When you are compelled to speak out

by Jan 25, 2017Mothers, Perspective

I found it heartening to witness the women’s marches in the US and across the world at the weekend. They were an important demonstration of what it means to be able to come together to make our voices heard. Stepping up in defence of what you believe to be right when those in power don’t share those beliefs.

When the main reason for marching is as emotive a subject as women’s rights it is hard to write objectively about it. It’s hard not to get drawn into the political ranting.

Believe me, I could rant for pages.

But that isn’t my purpose for writing today.

As mothers, I believe it is our remit to do what we can to ensure that our children, both daughters and sons, have the confidence and the courage to stand up and be counted when it comes to defending principles that they hold dear. We all have a voice, we all have opinions, and we all deserve to have the opportunity to express those opinions peacefully regardless of gender, colour, religion, sexual orientation or any other category the world might care to impose.

But, while we might be absolutely convinced that we are right we must remember that our opponents are thinking that too; they are absolutely convinced that they are right. We must remember to be respectful of others’ opinions even if they are anathema to our own. We must remember to encourage dialogue and to give our opponents the chance to set out their stall and defend their beliefs. To listen in order to understand not just to listen in order to reply. To get to the bottom of our differences. To be well-informed around our argument and to be able to eloquently explain to our opponents our reasoning for the beliefs we hold.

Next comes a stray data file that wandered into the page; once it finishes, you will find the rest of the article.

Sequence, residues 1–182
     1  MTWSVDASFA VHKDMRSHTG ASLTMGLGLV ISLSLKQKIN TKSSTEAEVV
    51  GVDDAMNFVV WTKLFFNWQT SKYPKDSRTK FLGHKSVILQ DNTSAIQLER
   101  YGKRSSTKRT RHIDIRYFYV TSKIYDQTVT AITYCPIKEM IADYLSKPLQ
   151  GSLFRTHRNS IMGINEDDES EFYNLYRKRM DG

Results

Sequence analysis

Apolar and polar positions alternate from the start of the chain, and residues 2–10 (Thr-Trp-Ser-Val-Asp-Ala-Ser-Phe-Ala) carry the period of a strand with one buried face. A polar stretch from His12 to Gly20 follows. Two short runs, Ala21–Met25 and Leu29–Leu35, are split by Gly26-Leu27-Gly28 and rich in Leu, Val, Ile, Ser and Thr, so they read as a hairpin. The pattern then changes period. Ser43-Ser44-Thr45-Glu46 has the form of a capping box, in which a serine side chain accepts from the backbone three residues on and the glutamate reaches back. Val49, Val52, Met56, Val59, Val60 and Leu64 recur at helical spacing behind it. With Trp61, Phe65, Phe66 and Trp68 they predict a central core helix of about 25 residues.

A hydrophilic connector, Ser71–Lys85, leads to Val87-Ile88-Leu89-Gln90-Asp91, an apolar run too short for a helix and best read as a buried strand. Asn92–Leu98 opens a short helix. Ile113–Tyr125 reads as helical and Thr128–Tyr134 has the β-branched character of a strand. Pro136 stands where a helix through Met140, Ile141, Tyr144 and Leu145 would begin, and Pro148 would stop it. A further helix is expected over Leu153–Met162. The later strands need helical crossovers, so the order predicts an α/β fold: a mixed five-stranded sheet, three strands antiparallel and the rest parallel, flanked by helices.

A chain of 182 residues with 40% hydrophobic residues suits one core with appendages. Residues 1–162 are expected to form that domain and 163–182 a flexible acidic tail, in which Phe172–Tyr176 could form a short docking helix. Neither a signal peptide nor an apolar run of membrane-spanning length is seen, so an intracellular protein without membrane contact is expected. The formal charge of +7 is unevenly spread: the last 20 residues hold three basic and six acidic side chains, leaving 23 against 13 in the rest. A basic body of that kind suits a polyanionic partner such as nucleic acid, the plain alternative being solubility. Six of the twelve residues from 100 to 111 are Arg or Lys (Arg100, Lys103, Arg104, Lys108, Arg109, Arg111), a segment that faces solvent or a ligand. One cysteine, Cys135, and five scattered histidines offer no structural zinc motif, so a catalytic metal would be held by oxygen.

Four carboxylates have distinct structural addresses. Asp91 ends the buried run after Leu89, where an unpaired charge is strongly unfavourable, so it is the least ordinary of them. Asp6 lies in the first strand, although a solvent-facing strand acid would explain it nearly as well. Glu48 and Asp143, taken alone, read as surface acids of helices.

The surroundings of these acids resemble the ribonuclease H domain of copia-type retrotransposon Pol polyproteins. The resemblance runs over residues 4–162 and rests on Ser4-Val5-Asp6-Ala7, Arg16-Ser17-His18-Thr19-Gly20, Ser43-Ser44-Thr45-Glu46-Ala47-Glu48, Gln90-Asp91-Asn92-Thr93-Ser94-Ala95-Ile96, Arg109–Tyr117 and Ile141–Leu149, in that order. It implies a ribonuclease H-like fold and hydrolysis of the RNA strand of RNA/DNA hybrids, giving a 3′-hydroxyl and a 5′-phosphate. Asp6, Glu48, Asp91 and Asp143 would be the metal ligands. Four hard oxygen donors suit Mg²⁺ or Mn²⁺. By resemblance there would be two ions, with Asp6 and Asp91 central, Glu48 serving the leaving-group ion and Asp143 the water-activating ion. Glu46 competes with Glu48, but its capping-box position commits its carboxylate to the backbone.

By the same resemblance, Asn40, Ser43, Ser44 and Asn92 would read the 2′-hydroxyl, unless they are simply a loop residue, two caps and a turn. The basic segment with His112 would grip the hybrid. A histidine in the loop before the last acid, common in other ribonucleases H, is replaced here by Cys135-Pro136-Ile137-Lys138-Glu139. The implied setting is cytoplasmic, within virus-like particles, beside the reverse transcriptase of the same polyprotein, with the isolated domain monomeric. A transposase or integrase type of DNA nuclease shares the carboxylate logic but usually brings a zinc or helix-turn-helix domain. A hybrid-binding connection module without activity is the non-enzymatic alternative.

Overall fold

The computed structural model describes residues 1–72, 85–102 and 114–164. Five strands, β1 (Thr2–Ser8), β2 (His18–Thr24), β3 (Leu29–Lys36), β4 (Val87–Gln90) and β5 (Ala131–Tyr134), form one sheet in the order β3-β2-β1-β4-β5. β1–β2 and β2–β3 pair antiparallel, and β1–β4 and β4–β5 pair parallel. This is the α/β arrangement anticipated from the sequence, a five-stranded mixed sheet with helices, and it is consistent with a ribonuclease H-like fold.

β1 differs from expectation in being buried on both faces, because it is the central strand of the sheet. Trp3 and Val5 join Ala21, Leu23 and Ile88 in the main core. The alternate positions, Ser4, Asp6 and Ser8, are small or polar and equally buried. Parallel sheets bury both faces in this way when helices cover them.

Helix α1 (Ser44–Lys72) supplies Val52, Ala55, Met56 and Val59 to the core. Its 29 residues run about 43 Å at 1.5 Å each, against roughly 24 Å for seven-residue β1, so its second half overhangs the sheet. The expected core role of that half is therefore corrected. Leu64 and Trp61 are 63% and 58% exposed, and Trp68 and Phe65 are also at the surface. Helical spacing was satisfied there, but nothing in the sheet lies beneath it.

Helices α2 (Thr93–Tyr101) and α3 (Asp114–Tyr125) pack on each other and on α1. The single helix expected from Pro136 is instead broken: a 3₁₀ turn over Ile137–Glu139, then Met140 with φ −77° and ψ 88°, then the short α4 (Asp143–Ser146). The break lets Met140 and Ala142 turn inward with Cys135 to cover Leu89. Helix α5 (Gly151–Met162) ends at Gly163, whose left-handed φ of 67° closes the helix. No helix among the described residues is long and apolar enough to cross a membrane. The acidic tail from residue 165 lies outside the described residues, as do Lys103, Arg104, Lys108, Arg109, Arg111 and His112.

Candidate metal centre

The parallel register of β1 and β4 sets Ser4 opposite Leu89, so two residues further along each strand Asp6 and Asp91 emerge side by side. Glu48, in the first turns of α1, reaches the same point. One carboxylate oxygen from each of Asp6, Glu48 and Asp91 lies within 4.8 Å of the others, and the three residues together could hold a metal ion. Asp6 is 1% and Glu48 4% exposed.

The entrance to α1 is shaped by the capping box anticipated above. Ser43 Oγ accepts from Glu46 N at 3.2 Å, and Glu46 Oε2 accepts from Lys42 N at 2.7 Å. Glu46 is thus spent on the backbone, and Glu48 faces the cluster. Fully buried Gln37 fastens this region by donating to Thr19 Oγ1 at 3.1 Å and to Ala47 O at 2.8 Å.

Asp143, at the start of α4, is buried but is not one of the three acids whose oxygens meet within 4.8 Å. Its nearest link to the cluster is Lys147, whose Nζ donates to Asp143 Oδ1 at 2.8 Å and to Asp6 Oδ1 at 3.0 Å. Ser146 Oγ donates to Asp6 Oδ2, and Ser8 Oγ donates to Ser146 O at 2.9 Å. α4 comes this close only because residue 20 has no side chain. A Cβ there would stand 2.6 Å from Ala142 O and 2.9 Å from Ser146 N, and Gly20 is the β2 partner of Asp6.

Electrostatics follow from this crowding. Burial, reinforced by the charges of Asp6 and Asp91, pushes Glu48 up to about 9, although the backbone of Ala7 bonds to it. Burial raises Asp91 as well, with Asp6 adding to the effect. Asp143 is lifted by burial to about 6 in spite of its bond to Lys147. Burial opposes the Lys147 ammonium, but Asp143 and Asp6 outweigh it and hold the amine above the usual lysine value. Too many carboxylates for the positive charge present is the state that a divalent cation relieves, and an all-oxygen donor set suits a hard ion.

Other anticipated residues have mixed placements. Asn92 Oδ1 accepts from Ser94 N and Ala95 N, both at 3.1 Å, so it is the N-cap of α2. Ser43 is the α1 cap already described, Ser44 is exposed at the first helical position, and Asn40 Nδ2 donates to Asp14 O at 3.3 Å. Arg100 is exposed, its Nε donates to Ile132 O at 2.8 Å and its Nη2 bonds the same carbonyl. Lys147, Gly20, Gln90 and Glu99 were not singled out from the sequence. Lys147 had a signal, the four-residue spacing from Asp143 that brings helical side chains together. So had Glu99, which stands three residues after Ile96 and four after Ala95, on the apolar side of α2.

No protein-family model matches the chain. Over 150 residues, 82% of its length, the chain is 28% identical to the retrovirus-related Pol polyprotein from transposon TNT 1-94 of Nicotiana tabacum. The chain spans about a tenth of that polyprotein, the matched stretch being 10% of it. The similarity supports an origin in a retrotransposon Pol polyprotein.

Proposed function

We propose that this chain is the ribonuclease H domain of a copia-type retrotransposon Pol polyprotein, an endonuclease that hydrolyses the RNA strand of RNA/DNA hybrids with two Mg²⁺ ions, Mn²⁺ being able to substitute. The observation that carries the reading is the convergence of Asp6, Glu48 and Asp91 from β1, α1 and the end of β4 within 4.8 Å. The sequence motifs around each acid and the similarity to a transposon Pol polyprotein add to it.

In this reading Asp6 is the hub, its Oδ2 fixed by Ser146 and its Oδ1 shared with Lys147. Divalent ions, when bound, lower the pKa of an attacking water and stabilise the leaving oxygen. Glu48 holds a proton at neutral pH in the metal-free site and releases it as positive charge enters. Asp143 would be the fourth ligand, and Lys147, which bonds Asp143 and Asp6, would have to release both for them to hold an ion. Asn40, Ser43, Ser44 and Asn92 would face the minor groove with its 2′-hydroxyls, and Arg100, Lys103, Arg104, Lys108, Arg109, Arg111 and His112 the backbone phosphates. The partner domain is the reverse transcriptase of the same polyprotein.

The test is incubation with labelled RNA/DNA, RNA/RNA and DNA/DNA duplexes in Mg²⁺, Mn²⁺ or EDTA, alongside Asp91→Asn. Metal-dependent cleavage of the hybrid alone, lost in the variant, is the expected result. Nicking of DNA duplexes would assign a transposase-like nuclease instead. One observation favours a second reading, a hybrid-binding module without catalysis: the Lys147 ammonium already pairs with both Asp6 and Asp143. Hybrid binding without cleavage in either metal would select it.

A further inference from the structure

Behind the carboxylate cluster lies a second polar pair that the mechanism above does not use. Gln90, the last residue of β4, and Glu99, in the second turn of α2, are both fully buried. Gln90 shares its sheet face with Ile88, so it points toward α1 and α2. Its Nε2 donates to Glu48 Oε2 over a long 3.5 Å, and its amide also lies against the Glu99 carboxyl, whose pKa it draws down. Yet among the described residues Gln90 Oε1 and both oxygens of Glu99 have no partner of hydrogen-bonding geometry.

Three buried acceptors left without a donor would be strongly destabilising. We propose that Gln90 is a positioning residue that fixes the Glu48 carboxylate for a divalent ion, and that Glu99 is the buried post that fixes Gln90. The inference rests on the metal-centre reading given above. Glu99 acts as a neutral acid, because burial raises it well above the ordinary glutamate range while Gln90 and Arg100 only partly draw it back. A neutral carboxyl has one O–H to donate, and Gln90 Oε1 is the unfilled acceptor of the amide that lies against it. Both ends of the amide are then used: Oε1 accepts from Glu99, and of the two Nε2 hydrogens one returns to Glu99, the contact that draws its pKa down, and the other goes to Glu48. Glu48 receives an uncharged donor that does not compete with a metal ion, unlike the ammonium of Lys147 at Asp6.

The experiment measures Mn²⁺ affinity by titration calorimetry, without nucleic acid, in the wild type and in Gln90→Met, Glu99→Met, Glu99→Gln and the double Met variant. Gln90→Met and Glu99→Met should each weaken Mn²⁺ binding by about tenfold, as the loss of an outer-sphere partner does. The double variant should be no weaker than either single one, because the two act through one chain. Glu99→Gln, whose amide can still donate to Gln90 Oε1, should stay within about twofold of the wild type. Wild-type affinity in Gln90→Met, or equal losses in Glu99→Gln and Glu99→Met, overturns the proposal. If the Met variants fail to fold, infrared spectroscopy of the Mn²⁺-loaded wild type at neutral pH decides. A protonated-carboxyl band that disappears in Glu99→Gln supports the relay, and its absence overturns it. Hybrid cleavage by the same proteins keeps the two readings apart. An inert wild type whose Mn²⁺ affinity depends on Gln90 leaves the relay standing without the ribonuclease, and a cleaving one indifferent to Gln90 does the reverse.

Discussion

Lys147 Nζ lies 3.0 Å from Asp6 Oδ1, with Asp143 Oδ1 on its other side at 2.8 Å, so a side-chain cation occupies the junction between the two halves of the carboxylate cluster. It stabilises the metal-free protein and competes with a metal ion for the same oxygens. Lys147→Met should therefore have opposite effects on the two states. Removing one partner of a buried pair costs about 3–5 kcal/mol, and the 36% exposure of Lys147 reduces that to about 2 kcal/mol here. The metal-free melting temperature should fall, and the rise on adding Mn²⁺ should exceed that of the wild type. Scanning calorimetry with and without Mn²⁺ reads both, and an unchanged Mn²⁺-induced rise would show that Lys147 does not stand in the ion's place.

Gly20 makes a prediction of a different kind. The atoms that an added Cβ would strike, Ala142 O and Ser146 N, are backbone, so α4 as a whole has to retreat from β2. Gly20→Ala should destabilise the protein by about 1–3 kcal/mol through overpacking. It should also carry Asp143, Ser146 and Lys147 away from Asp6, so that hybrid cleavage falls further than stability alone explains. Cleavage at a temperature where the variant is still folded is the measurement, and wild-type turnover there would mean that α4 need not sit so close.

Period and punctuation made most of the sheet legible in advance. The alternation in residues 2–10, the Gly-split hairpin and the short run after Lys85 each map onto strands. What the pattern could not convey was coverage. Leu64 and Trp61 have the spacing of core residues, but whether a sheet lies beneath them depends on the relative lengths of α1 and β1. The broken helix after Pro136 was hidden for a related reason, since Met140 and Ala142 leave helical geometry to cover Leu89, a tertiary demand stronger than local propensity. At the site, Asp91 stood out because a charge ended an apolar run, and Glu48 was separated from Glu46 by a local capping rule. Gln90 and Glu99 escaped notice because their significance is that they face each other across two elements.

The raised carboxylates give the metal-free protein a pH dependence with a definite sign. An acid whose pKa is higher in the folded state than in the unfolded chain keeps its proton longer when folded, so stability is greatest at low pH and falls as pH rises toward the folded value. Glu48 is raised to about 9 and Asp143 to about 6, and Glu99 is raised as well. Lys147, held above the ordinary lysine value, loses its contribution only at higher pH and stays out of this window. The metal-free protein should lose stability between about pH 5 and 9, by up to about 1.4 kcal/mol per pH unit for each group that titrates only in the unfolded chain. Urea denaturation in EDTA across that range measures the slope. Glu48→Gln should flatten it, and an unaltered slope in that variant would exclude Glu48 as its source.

Parenting by example is a powerful thing. There were many families present at those marches at the weekend. It is an experience that those children will remember for the rest of their lives – that their mothers (and many of their fathers too) felt strongly enough about an issue to join together with many others who felt the same way in order to raise a voice that was loud enough to be heard. In these circumstances, out in the wider world, parenting by example is easy.

But it occurred to me how difficult it can be to demonstrate those self-same qualities in your own home though, when your opponent just happens to be your own child. How easy it is to be hypocritical when faced with this scenario because of course you’re right! In order for your children to have the confidence to stand up and be counted for what they believe in, they have to believe that they will be listened to. Which means that we have to rein ourselves in… and listen to them. Which is hard enough when they’re little and their reasoning may be decidedly flaky but becomes mighty challenging when they get to the age where they can articulate their reasons and opinions in often quite vehement ways!

As the mother of a 12 year old I find this really difficult. Yes, I know I was the same at that age. Yes, I know that in many of our arguments my opinion has been formed from the belief that I know what’s best for him. Yes, I know that a lot of the time it’s maturity and experience that mean that I have a different opinion to that of my son. And no, I don’t expect him to follow me blindly without questioning and forming his own opinions and ideas.

I think of it in the same terms as exercise and healthy eating. I know exactly what I should be doing, and when I do actually do it I feel great both in and about myself. But sustaining it? Still working on that one.

The best I can do is to keep the dialogue open. To talk about how I’m feeling, to listen to his frustrations, to apologise when necessary and to admit when I don’t think I handled things as well as I could have done. And above all, to make sure that he understands that my opinions will always, always come from a place of love, from wanting the best for him.

All any of us can do is our best.